Innovation beyond improvement


The competitive environment never, ever gets easier. Just to stay as competitive as last year, we need to execute better this year.

In many cases, Continuous Improvement is necessary just to stay in the game! And to pull significantly ahead, an organization must make process innovations in addition to improvements.

Defining the Term
A process innovation is one that has the potential to change the competitive landscape. When an organization implements a process innovation, they produce, modify, and/or adopt a new value-added product, service, process, management system, or market.

More simply stated, a process innovation significantly changes at least one of the following aspects of a process or service:

  • Speed
  • Cost
  • Quality

For example, an insurance company overwhelmed the competition by shortening the time between claim filing and payment from weeks to hours. A small bank picked up market share through a process innovation reducing the number of days to approval by 80%.

The pandemic has been a catalyst for numerous process innovations as well; supermarkets instituted curb site pick-up, restaurants found ways to expand outdoor seating and delivery, businesses of all types quickly shifted into “remote” working modes, and the availability of fast or same day delivery of goods bought on-line has been significantly increased.

Operating Assumptions?
Every business operates under the constraints of operating assumptions, and each of the above-listed process innovations challenged and overcame powerful assumptions. People may not even think of them as assumptions, but rather as facts-of-life, because they are so ingrained in our organization’s paradigm.

But to achieve a significant breakthrough, we have to identify and overcome a significant operating assumption and rewrite the rules of the game.

Easier said than done, of course. We all want to achieve a process innovation that will remake the competitive landscape in our favor. And yet, it is hard enough to get our teams to accomplish continuous improvements when they are running hard just keeping up with the usual deliverables.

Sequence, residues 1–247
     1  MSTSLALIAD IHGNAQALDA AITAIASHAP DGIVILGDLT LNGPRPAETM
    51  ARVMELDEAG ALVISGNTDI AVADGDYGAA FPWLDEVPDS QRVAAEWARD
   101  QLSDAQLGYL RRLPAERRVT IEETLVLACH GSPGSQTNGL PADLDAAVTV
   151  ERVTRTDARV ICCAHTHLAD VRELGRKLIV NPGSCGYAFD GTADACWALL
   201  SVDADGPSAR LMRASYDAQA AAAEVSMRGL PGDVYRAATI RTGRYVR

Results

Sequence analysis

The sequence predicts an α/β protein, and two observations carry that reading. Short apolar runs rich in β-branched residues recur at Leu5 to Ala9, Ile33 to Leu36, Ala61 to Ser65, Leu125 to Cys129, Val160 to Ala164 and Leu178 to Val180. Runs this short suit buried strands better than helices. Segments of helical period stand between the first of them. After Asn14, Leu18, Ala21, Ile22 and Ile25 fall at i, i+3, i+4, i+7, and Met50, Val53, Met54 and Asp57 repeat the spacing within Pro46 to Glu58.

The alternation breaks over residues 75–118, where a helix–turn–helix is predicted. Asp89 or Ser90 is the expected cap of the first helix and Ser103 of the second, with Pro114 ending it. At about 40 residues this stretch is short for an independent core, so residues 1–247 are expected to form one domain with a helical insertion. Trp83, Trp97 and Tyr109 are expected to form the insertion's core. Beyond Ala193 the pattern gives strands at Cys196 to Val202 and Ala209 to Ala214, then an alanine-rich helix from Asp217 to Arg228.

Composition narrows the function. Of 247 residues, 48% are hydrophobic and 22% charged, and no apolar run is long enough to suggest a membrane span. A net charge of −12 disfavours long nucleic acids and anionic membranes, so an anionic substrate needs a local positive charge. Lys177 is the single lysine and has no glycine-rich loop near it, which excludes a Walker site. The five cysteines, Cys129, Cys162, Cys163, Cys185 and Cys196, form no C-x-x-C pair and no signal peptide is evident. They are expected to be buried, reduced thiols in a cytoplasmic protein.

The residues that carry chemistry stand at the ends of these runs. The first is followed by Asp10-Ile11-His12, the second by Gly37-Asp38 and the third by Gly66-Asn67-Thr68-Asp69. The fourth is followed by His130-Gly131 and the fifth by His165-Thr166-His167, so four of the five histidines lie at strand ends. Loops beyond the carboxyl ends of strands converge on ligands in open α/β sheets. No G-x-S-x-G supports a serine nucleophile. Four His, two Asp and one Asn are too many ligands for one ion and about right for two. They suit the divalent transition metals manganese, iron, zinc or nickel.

Consequently, game changing innovations are rare. If your organization is going to identify and execute process innovation, you have to have created both the right human conditions and the best methods to successfully identify, challenge, and reverse the constraining assumptions that are keeping you and your competition trapped in the status quo.

Imagine What Could Be!


Recent posts have focused on various aspects of defining problems or identifying waste. When engaged in these activities it can sometimes be difficult to separate the status-quo from problems or waste… in other words, we can become so accustomed to a process or method that we fail to recognize opportunities to improve it.

A popular definition of waste, and one we’ve used frequently over the years, is “the difference between the way things are and the way things could or should be if everything were right.”

Envisioning this ideal can be challenging, and we’ve found that “Imagineering” is an ideal process for making this type of determination, for goal-setting, developing the best project plans, and for putting improvement ideas into practice.

As you may know, Imagineering was popularized in the 1940s by Alcoa to describe its blending of imagination and engineering. It was also adopted by Walt Disney a decade later, and is often referenced as a means of achieving “blue sky speculation,” a process where people generate ideas with no limitations…, where they try to achieve what “could or should be.”

Over the years we have consistently found that well-executed Imagineering workshops help people unleash their organization’s true potential and achieve breakthrough improvements. Much more than traditional or simple brainstorming, the process starts with a strategic approach for imagining perfection, and ends with engineering this ideal state back down to earth.

You might consider the use of Imagineering as a means of generating innovative ideas and applying the principles to set goals and achieve breakthrough improvements.

If this concept resonates with you, then you might also find this short video of interest: “The Way Things Could or Should Be.

Creative Problem Solving Via Challenging Your Processes

Challenging Process Steps

Continuing with our theme of creative problem solving and the value of creativity in Continuous Improvement, sometimes you can achieve innovative solutions by systematically challenging a few key aspects of your process.

In 2004, Michael Hammer wrote an article for the Harvard Business Review titled Deep Change: How Operational Innovation Can Transform Your Company. In this article he described several approaches to “Re-imagining Processes” by challenging basic underlying assumptions that prevent your organization from achieving a big breakthrough. Following are a few of the ways he suggested challenging the work: